Another essential money lesson that kids should learn is how to start a business and what running a business entails. Encourage your children to start a small business, such as a lemonade stand or a lawn mowing service, to teach them about entrepreneurship and the value of hard work.

Help them write up a miniature business plan that outlines the costs to deliver their product or service (cost of lemonade, upkeep and gas for the lawnmower, etc) and how much they will charge customers to determine their net profit. A simple marketing plan should be built in here too!

Introduce your children to investing

You can also introduce them to the stock market by teaching them about basic investment principles, such as diversification, risk management, and long-term investing. This will help them develop a better understanding of the economy and the financial markets, as well as the power of compounding.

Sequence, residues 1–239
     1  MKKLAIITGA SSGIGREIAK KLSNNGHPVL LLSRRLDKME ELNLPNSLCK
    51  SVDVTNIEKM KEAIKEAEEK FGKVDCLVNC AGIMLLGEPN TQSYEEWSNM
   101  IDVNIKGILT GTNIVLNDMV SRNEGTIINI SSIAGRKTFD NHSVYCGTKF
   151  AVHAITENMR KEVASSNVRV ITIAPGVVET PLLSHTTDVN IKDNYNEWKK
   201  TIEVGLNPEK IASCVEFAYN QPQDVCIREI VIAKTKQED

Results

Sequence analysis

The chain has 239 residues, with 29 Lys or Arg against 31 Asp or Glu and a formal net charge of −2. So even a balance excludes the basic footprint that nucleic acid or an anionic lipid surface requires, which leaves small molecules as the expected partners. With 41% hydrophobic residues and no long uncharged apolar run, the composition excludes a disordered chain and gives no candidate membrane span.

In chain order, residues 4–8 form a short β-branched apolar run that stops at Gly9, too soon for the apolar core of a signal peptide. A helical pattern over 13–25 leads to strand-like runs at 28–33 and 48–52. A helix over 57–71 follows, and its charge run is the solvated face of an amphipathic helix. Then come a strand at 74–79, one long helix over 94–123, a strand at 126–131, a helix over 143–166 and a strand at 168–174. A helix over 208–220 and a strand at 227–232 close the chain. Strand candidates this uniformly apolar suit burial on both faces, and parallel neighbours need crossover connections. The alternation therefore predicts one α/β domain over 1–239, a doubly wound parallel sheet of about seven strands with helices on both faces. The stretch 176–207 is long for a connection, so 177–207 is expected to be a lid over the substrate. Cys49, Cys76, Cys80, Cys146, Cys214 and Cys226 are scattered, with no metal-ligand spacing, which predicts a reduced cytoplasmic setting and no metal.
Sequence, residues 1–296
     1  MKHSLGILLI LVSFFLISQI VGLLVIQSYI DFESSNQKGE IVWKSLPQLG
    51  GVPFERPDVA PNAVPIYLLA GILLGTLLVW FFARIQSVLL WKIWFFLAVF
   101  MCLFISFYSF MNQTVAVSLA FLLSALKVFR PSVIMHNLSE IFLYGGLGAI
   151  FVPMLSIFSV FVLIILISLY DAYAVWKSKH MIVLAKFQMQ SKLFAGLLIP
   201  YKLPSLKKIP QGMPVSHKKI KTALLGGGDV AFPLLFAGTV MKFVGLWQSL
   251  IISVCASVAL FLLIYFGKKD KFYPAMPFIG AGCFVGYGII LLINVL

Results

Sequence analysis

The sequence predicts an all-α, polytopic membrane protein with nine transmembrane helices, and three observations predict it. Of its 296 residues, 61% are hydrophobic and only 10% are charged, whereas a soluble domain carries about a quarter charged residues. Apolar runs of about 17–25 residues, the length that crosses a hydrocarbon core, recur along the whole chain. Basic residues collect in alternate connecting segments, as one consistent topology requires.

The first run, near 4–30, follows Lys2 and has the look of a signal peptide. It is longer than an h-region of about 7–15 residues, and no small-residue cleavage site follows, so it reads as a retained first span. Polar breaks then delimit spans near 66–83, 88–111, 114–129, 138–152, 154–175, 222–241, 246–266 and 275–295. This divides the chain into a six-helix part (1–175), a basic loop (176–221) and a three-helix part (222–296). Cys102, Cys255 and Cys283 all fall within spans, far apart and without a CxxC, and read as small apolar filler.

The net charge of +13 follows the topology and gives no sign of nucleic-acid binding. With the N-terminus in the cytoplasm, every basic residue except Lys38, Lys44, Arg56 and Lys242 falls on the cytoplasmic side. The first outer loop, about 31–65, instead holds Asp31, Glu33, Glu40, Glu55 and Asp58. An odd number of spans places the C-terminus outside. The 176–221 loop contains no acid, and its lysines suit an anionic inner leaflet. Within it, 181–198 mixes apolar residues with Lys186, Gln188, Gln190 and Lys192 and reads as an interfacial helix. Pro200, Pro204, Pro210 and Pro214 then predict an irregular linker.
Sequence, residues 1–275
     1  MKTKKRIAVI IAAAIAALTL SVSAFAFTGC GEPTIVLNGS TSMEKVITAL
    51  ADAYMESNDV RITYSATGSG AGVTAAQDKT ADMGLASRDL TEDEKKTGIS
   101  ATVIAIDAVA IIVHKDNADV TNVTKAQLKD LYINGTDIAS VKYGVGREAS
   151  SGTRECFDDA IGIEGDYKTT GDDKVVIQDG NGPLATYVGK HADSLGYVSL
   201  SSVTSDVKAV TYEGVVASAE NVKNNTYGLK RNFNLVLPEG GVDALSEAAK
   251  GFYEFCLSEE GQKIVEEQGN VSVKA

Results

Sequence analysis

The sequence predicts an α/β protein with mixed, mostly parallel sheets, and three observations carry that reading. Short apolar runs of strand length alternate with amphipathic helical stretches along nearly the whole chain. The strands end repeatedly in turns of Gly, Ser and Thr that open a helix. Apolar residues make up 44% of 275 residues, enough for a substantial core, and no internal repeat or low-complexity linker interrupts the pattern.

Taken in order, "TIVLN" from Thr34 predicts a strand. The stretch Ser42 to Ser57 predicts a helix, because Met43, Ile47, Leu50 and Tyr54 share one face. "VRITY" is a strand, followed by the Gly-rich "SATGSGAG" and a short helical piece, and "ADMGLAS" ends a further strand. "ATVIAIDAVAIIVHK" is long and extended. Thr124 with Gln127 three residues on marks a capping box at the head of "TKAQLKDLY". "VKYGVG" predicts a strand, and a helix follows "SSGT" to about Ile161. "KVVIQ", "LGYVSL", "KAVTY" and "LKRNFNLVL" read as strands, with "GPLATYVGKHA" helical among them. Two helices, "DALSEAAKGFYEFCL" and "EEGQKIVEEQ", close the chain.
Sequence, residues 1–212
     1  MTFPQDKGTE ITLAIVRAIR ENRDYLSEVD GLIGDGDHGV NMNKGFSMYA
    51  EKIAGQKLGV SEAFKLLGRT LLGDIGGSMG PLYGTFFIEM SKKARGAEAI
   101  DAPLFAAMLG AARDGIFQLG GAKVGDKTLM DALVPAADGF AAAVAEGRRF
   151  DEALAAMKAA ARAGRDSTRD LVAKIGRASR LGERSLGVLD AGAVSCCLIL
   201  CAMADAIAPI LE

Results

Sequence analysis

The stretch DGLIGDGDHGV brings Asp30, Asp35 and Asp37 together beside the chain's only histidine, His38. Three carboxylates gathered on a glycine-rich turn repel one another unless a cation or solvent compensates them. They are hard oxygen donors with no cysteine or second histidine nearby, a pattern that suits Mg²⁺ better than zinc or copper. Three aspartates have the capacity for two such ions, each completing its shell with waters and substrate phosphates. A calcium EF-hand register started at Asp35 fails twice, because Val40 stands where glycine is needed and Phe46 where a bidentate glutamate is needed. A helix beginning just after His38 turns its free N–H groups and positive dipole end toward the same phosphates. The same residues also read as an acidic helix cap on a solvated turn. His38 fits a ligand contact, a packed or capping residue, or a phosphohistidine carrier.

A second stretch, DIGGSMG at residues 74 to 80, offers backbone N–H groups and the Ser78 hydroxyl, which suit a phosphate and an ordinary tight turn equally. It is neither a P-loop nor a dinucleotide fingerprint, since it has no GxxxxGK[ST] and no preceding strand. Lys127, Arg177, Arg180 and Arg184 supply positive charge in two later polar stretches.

Consider helping them open a small self-managed portfolio online and hold different asset types in there so they learn how each one behaves. The amount they invest is not important but instead focus on the learning potential.

Teach them to differentiate between wants and needs

One of the biggest challenges that adults face when it comes to managing their finances is differentiating between wants and needs. Kids need to learn this distinction early on so that they can make wise financial decisions throughout their lives.

Teach them to prioritize their needs over their wants and to save for the things they truly want, rather than relying on credit or borrowing to purchase things they can't afford. By teaching them to delay gratification, they will learn to be more disciplined and make better financial choices in the long run.

If they are earning money through a job, small business or even an allowance—divide this money into different want and need “pots” to keep it separate and the future use clear.

Be a good role model